As co-founder and artistic co-director of Coleman Lemieux & Compagnie, Bill Coleman’s previous creative endeavors include Bill Coleman & His North American Experience, co- founded with the composer John Oswald, and Heartland Events, co-founded with Michael Caplan. Coleman’s work is performed in North America, Europe and Asia.
Born in Berwick, Nova Scotia in 1961, Bill Coleman studied with the Doreen Bird dance theater school in London and began his professional career as a performer in 1979 with the Dublin City Ballet under Sir Anton Dolin. He danced in key roles for a number of well- known dance companies including Bill T. Jones/Arnie Zane & Co., Tere O’Connor Dance, Wiesbaden Ballet, Toronto Dance Theatre, the Martha Graham Dance Company, William Douglas Dance, Laurence Lemieux, Fondation Jean-Pierre Perreault and Tedi Tafel. As a choreographer, Bill Coleman has compiled over fifty original works to his credit both for his own company and for Toronto Dance Theatre, Dancemakers, the Canadian Children’s Dance Theatre and Balletworks in New York.
There is an artistic purity to Coleman’s works that has earned him recognition as an uncompromising artist. Some of his more memorable works include Zorro, which was nominated for the Dora Mavor Moore Award, Shane, Baryshnikov: The Other Story, for which he received the Jerome Foundation’s First Light Award in New York in 1988, The Iowa Sheep Buggery Trials, Glory Days and Monsters Midway, which the Toronto Star likened to a Fellini-choreographed psychedelic dream. Coleman’s piece, Heartland, inspired Romanian born director Laura Taler to produce her award-winning documentary based on the life and work of Coleman, aired on the BRAVO channel.
In 2001, Coleman premiered Convoy PQ-17, the choreographer’s moving personal tribute to his father, a merchant marine stationed in Russia during WWII. Appropriately, the work was debuted in St. Petersburg. Directly inspired by that performance, the Russian filmmaker Alexander Sorokine produced Letter to a friend. Near Room, another Coleman work is the inspiration behind a famous scene in one of Mark Adam’s films.
Four years later, in 2008, Coleman choreographed Hymn to the Universe, a piece for seven dancers and performed with the Sun Ra Arkestra playing live on stage. Bill Coleman has also choreographed the opera Zurich 1916, which was presented at the Banff Center for the Arts, the Broadway musical, Sunday in the Park with Georg, presented at the Shaw Festival.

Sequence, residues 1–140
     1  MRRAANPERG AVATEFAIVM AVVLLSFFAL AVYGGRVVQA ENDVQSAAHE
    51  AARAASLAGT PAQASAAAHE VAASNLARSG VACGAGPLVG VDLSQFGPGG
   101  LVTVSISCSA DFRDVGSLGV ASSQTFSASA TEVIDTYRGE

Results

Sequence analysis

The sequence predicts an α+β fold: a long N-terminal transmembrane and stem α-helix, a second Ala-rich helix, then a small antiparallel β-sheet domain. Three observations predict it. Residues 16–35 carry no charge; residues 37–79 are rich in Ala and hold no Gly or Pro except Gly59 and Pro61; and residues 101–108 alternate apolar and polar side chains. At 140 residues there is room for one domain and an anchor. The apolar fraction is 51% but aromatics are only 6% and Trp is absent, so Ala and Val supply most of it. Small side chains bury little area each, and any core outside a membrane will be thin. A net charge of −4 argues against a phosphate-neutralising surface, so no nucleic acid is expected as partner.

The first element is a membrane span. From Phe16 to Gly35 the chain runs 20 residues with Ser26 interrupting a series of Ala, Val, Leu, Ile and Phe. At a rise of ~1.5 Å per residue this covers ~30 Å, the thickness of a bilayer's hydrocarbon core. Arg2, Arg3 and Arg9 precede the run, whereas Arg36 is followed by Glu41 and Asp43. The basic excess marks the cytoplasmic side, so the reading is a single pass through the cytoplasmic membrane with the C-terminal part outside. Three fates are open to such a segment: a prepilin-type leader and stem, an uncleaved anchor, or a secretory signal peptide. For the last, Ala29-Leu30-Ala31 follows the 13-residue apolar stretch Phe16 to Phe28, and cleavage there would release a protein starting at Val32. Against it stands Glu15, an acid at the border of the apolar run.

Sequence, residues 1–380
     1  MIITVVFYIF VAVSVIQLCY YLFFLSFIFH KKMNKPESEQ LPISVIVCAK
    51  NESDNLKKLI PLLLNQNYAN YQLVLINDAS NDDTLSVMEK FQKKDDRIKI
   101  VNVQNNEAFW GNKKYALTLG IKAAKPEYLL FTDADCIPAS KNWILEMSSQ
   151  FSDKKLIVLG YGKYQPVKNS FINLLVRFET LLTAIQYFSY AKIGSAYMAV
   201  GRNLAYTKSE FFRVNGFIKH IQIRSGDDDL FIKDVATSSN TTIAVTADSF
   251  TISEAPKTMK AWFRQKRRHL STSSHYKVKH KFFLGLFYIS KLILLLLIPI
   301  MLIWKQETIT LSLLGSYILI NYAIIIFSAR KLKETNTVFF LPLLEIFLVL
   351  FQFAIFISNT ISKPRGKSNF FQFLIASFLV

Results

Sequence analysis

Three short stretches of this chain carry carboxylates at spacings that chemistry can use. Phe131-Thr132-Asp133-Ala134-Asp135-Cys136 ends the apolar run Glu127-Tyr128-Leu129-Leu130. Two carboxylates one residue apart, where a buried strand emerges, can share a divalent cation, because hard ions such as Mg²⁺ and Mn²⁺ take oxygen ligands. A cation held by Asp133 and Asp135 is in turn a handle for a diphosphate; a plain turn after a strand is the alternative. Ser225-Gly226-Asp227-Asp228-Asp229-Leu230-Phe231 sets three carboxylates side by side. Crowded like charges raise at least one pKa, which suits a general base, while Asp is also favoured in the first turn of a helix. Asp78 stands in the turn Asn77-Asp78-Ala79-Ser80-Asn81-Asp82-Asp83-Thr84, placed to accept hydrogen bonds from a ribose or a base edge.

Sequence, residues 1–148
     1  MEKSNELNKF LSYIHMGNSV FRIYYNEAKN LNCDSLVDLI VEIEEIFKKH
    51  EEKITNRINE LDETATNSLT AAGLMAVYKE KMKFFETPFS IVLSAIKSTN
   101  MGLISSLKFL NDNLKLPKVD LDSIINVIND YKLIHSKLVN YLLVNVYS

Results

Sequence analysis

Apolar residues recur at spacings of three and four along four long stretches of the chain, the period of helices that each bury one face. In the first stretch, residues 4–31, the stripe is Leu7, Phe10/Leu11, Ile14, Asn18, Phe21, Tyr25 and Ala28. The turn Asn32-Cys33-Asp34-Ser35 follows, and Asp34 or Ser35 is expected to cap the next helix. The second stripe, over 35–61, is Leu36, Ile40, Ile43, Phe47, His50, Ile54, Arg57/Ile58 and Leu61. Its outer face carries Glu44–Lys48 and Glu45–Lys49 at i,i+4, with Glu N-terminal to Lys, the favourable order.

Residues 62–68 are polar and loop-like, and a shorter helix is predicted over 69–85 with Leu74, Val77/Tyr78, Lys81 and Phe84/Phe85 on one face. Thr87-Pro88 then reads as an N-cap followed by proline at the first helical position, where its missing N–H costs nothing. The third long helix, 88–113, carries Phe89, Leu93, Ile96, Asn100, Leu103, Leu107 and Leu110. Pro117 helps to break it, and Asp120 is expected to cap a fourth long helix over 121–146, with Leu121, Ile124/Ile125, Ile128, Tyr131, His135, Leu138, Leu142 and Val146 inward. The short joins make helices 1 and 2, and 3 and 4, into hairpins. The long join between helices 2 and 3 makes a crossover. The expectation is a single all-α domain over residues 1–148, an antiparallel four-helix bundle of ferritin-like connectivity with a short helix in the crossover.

While in residence among First Nation communities, Coleman initiated four projects and continues to collaborate regularly with different groups and associations to produce community-inspired, unique dance theatre performance events. In this context, he created Welcome Back, Buffalo Bill in which the Native American pow-wow dancer and Vietnam vet Boye Ladd performed. He has created events with the Ojibway of Heron Bay, the International Trade Club of Toronto and the Pedahbun Lodge Residential Addiction Treatment Centre. Off the Beaten Track is a bold series of large-scale works where Coleman proves himself a pioneer in the world of dance. His site-specific performances, often in unusual settings use dance as a means to unite the community within its natural environment. The result is a happening that becomes a celebration of life and community and constitutes, as such, some of the choreographer’s most unusual and exceptional work. A line-up of internationally renowned artists have collaborated with Coleman on his works, and have included choreographers and performers such as Margie Gillis, Robin Poitras, David Earle, Peter Chin, Carol Prieur and Heather Ogden, composers John Oswald and Gordon Monahan, visual artist Edward Poitras, film director Anne Troake, designer Liz Vandal, and actress Jackie Burroughs.
In 2002, the Canadian Council for the Arts awarded Bill Coleman the prestigious Jacqueline Lemieux award, honoring his work in revitalizing the art of choreography.